Detroit News Editorial Blames Musicians

The 2/2/2011 edition of the Detroit News published an editorial which pulled no punches when it came to laying the all of the blame for the Detroit symphony Orchestra (DSO) work stoppage at the feet of the musicians and their supporters. Unfortunately, an attempt to summarize a protracted labor dispute the magnitude of the DSO’s is practically impossible in the space of a print editorial, and this one is no exception…

Frankly, the piece does an inadequate job at reviewing key points in both parties’ proposals, covering critical benchmarks in the four month strike, and providing a comprehensive overview of the organization’s recent history. Those who have been following events will likely pick out those shortcomings in short order but what really stands out with jaw-dropping intensity are accusations of hypocritical conduct among a patron stakeholder group known to support mostly musician positions (emphasis added).

This stand-off seems destined to become a disaster. It could be headed off, of course, if all of the folks who have been begging the DSO board to settle the strike would buy more tickets and make more donations. Management contends 70 percent of those in the Save Our Symphony group are not DSO donors.

I contacted Elizabeth Weigandt, DSO Director of Public Relations, for confirmation and she did verify that the organization provided that information to the Detroit News.

The DSO did an in-depth analysis of the registered members of Save Our Symphony effort and learned two-thirds are non (or very modest and long- lapsed) donors, non-attendees, or musicians.  Only 5% are subscribers.  Although one Save our Symphony member gave $125,925 in 2009-10, the total amount given by all other Save our Symphony supporters last year was $850.

Granted, the Save Our Symphony patron organization is a far cry from a model of efficient and effective patron activism. I’ve pointed out particulars in articles and comment replies over the past several weeks. There were even reports the members of the organization booed the DSO CEO before the 1/26/2011 DSO executive committee meeting, although that was the extent of negative sentiment as no board members or other attendees were reportedly booed. But one has to wonder what on earth motivated the DSO to release a statement like that.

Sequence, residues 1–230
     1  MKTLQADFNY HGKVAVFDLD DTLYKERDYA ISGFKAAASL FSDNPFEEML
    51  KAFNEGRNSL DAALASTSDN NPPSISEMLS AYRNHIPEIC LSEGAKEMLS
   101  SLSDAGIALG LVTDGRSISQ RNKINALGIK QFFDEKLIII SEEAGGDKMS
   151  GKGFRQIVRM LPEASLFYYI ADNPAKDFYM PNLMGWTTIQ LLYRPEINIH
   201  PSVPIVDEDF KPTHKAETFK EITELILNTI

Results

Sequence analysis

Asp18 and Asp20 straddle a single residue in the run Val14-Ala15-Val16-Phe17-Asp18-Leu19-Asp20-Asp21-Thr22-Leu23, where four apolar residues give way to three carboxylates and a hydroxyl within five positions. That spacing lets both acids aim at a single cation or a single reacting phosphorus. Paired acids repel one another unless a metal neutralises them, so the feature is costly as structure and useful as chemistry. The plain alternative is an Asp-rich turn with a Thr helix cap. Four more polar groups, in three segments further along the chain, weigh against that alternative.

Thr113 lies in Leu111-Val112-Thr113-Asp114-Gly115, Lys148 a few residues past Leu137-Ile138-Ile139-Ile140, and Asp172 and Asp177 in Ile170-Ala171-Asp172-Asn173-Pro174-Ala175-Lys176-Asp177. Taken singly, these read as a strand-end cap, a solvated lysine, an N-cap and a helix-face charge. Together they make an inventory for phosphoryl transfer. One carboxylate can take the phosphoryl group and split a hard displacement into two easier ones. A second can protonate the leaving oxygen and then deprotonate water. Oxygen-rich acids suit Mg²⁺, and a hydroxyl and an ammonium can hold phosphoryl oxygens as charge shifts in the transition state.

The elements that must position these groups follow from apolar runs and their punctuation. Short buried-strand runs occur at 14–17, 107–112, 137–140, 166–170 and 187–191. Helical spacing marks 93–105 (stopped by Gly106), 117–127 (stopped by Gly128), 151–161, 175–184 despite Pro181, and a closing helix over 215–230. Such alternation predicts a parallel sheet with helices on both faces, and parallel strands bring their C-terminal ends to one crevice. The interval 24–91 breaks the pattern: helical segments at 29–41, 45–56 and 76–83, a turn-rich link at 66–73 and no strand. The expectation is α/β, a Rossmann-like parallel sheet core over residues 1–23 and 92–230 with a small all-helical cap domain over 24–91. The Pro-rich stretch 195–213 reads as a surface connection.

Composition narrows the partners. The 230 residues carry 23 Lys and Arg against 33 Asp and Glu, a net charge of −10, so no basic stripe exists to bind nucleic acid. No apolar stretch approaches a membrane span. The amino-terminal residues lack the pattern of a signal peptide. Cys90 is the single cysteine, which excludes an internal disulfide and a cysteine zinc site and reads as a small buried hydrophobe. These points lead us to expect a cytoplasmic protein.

If you’ve ever worked development, you know that attacking patrons, regardless of their position during a labor dispute, is akin to willfully and aggressively targeting civilians during a military operation, especially the ones that don’t like you.

Let’s set aside for a moment the unreliable nature of verifying small, single donations (anonymous gifts ring a bell?), or human error in data entry, or faulty database cross tabulation, or that many individuals consider ticket purchases to be a donation (how many times have you heard that Mr./Ms. Development Professional?). Forget about the fact that modest or “long-lapsed” donors apparently qualify as non-donors to the Detroit News editorial board, or that some ticket buyers aren’t in the box office database (cash purchases), or that there are single ticket buyers that regularly purchase more concert tickets than a subscriber, or that members of the patron group may not even live in the Detroit area. Certainly, don’t worry about the avalanche of variables that make an already dicey statement even more tenuous. And do we need to ask why the DSO decided to single out musicians among the group’s membership (are they incapable of donating)?

Instead, let’s explore the potential motivation behind conducting that sort of analysis along with the benefits in releasing the results.




Okay, I’m stumped. I can’t imagine anyone in the DSO would believe that approach would successfully shame ticket buyers into donating. Has anyone used this method with positive results? I’d love to know about it if you have.

As for motivation, I’d like to believe that perhaps the original idea may have been to craft a reconciliatory effort once the dispute was resolved but the likelihood of success following the use by the Detroit News is next to nil. I asked Ms. Weigandt about the motivation and she promptly offered the following reply: “own accord.” No additional details were provided.